"You believe he's lying?" Matthews asked Warren of Bloomberg's denial.
"I believe the woman, which means he's not telling the truth," said Warren, who recently had to defend her own credible story of pregnancy discrimination.
"And why would he lie?" Matthews said. "Just to protect himself?"
"Yeah, and why would she lie?" Warren responded pointedly.
"I just wanna make sure you're clear about this," Matthews said. Right there on America's purportedly liberal network, the anchor spoke to a 70-year-old United States senator who is running for president—and a renowned Harvard Law professor, no less—like she couldn't possibly understand her own words, as if she were a child choosing between a snack now or dessert later.
Bassett implied that it was a misogynistic act and a betrayal of liberal values to scrutinize Warren here. But this is nonsense: Warren's credibility is very much an issue. She has a long history of misrepresenting her family's situation. And when her surrogates accused Sanders of privately warning Warren that a woman couldn't win the presidency, CNN implicitly took her side and failed to press the issue with her. Rather than being criticized, Matthews should be applauded for actually forcing Warren to stand by her smears.
Anyone who suggests that harshly scrutinizing Warren is a form of sexism—on the same spectrum of behavior as commenting about women's appearances—is undermining the #MeToo movement's more praiseworthy goals. They are conflating sexual harassment with the sometimes uncomfortable but vitally important job of forcing politicians to own what they say. It's not sexist to make Warren explain in detail what she believes, and the candidate is more than capable of holding her own in such situations.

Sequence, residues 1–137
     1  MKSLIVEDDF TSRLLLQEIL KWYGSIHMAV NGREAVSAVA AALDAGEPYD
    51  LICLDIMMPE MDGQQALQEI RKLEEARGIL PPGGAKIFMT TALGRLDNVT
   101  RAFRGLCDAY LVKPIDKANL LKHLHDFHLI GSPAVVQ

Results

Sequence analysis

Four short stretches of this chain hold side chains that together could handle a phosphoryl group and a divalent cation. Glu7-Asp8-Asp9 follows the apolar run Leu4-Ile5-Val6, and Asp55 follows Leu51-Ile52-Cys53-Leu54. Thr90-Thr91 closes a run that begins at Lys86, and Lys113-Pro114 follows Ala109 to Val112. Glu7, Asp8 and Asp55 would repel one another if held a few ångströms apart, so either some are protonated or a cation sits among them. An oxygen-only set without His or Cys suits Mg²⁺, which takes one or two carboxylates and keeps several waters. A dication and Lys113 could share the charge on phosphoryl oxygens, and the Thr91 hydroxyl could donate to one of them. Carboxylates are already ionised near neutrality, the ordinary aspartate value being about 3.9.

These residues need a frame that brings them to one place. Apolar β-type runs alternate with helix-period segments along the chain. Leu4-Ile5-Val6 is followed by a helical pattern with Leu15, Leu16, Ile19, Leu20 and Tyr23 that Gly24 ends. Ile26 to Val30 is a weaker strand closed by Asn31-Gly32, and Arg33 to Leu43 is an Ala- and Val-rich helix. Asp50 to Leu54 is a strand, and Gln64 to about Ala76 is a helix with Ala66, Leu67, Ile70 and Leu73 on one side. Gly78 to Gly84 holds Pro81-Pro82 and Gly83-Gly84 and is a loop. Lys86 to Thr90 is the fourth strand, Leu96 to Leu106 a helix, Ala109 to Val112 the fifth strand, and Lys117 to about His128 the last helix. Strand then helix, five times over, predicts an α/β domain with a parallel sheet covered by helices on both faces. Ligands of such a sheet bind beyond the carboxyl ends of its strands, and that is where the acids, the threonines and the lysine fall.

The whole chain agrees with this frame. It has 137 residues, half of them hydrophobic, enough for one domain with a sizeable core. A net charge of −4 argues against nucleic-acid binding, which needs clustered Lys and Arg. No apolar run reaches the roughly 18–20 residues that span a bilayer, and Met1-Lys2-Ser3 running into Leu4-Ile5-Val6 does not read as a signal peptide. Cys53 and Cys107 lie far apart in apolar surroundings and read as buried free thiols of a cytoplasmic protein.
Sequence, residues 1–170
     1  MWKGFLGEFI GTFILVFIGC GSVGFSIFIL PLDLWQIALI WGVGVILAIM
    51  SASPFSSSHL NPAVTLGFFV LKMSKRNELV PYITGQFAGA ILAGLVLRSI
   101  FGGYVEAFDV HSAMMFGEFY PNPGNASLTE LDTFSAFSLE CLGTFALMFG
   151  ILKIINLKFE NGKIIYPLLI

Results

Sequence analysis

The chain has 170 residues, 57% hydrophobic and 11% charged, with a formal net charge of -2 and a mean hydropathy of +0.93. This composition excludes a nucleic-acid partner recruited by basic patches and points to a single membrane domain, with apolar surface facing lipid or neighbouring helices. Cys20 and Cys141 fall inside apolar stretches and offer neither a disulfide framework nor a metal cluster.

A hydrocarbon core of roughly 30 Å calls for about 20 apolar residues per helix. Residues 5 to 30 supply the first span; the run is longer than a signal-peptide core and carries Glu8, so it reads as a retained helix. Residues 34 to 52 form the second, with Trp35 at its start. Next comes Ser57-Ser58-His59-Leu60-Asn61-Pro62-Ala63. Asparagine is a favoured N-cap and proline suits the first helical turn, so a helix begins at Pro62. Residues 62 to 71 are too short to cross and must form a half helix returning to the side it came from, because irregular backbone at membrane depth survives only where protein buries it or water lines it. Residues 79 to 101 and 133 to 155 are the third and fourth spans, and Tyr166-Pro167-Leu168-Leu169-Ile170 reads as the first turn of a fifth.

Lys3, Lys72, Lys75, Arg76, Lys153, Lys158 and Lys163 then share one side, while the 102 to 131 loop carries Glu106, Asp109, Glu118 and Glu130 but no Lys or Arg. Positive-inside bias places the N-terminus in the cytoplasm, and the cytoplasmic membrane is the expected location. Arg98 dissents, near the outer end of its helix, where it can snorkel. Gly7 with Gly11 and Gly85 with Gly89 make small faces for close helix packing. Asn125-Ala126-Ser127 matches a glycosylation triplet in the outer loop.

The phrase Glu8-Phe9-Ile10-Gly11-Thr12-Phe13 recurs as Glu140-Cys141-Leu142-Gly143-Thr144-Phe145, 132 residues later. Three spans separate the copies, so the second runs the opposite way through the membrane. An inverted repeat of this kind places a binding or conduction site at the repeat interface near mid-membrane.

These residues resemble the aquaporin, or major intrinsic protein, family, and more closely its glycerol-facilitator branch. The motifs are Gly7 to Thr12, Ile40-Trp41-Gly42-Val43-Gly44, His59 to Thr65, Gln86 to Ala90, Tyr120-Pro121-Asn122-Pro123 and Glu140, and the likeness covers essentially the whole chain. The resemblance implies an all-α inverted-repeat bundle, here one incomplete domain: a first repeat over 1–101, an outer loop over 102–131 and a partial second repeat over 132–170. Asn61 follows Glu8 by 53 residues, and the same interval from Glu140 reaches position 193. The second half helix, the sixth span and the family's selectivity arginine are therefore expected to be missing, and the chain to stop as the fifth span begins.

The Sanders incident, while not framed as a harassment issue, was similarly silly. Matthews had stated on air that Sanders's victory in the Nevada caucus called to mind Nazi Germany's sudden and decisive victory over France in 1940. Matthews was thus accused of likening Sanders supporters to Nazis, but obviously his analogy was merely referencing one side's overwhelming advantage over an opponent, and had nothing to do with the ideology of the Third Reich.
Matthews has a had a long career, and it may or may not have been the right day for him to retire. But at a time when his flaws are on full display, it's also worth remembering his positive attributes. Matthews was one of the more principled anti-interventionists on television: a Democrat with an independent streak who often seemed to intuitively grasp the appeal of Donald Trump better than his cable news colleagues. And he was not afraid to call out incompetence on his own side, recently lamenting—correctly—that the Iowa caucus debacle made it look like the Democratic Party was incapable of organizing even a "three-car funeral." Alas, as the entire left-of-center media quickly pivots to woke cultural signaling, there was no longer room for someone like him.